5. Wheat Fertility Management

Water and Nutrient Management in the Great Plains

By Dale Leikam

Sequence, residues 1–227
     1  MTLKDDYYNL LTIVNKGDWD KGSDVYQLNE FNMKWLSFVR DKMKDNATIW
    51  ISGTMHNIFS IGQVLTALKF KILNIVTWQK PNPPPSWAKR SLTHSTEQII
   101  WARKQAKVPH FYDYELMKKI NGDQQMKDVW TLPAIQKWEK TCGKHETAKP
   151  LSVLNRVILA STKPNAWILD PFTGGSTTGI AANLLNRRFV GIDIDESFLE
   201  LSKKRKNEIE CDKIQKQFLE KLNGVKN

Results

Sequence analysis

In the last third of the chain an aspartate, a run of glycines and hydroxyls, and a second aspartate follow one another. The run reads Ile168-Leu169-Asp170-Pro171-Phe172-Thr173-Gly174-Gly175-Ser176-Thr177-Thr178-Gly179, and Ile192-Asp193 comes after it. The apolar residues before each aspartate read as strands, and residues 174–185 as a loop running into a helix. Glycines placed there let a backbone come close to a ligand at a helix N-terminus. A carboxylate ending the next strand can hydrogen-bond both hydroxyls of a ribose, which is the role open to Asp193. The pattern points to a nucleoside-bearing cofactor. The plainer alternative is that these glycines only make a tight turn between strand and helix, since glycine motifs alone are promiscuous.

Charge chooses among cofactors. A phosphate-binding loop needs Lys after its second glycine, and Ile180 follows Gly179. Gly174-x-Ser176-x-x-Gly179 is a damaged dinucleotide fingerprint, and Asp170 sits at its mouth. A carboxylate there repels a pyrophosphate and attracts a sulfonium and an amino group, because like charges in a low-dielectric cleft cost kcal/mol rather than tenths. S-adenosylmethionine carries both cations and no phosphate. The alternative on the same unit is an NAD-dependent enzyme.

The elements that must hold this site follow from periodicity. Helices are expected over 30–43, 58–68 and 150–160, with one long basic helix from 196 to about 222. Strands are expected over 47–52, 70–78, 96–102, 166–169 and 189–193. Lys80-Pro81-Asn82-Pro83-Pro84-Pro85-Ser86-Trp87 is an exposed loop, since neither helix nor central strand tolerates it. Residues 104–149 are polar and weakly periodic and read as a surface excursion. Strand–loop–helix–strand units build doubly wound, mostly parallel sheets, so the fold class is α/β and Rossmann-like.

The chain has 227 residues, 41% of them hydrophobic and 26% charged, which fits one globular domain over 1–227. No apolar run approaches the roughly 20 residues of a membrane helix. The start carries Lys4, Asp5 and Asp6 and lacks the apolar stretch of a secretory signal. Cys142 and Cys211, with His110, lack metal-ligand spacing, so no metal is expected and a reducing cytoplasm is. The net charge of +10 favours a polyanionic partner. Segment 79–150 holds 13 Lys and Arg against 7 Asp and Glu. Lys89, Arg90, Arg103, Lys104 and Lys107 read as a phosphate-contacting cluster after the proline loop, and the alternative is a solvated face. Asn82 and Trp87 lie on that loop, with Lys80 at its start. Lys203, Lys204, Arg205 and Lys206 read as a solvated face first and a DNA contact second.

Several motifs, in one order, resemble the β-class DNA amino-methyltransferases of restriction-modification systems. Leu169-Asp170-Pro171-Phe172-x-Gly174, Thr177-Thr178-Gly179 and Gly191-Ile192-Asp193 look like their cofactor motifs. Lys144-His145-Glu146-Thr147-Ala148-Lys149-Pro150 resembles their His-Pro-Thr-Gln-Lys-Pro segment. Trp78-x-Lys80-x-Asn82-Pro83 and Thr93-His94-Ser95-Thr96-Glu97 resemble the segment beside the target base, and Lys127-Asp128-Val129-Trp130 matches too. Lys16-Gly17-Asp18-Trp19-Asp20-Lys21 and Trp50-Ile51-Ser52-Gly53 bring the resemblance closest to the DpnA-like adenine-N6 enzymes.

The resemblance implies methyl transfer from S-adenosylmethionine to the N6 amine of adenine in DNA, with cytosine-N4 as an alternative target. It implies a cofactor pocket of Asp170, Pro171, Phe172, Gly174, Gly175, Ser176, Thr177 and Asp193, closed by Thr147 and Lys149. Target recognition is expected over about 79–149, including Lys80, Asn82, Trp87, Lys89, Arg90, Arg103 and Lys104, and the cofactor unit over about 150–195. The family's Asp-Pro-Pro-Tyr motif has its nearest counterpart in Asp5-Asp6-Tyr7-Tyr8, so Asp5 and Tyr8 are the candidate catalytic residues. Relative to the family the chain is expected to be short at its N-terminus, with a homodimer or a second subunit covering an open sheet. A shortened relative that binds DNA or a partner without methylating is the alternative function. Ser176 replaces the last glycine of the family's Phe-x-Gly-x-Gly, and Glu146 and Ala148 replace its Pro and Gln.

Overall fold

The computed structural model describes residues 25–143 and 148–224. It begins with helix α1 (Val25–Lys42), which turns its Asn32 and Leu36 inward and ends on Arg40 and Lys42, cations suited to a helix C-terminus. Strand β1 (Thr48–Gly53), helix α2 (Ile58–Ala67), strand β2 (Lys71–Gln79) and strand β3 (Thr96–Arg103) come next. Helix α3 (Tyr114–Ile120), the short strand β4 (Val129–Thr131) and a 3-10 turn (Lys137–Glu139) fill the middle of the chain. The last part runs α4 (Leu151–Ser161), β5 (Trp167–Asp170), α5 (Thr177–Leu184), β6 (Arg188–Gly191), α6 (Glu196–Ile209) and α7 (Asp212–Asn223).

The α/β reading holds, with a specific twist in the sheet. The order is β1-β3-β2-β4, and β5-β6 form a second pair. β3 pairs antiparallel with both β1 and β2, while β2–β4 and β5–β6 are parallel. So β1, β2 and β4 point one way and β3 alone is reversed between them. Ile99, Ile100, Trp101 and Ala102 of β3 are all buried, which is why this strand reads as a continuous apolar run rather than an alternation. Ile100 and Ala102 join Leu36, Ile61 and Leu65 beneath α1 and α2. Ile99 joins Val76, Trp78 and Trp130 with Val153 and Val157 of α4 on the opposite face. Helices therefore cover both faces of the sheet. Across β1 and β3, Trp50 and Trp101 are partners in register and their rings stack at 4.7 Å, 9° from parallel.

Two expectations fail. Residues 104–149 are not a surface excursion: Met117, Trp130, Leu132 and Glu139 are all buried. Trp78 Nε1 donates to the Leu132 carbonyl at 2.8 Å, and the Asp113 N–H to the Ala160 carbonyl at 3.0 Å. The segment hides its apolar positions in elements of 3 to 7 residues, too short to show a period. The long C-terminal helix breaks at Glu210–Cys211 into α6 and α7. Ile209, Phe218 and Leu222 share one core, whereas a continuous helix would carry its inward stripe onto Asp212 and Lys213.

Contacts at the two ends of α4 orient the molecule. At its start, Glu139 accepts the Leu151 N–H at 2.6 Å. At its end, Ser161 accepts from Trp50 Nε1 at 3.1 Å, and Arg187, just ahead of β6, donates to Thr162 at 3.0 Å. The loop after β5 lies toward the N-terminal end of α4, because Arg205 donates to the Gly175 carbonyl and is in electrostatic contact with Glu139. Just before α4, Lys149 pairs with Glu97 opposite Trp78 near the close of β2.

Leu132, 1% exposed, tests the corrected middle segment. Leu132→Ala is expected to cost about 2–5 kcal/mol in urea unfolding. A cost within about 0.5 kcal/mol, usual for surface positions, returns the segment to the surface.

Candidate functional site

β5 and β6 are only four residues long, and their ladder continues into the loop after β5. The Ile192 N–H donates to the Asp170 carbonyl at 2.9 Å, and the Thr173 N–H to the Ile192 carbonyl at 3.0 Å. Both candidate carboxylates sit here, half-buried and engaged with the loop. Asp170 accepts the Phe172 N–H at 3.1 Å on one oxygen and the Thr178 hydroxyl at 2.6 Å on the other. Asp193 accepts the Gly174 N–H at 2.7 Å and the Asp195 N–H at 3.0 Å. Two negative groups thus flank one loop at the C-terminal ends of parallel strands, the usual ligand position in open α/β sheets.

Seventeen nutrients are recognized as required for normal growth and development of wheat and other crops. Three of these essential nutrients: carbon, hydrogen, and oxygen are obtained by plants from the air or water. The remaining 14 essential nutrients generally come from the soil. Nitrogen (N), phosphorus (P), and potassium (K) are classified as macronutrients. Sulfur (S), magnesium (Mg), and calcium (Ca) are typically classified as secondary nutrients, while iron (Fe), zinc (Zn), chlorine (Cl), manganese (Mn), copper (Cu), boron (B), molybdenum (Mo), and nickel (Ni) are referred to as micronutrients. The availability and plant uptake of all nutrients are influenced by many soil and environmental conditions; such as soil moisture, temperature, pH, density, and other chemical and physical properties of soil. Nutrients that most commonly limit wheat growth and development in the Great Plains are nitrogen, phosphorus, sulfur, chloride, and iron. While there is often ongoing discussion about possible deficiencies of copper, zinc, molybdenum, and manganese of wheat grown in the Great Plains, there are little or no research data indicating that these deficiencies commonly occur. Likewise, potassium deficiencies for wheat in the Great Plains are relatively rare.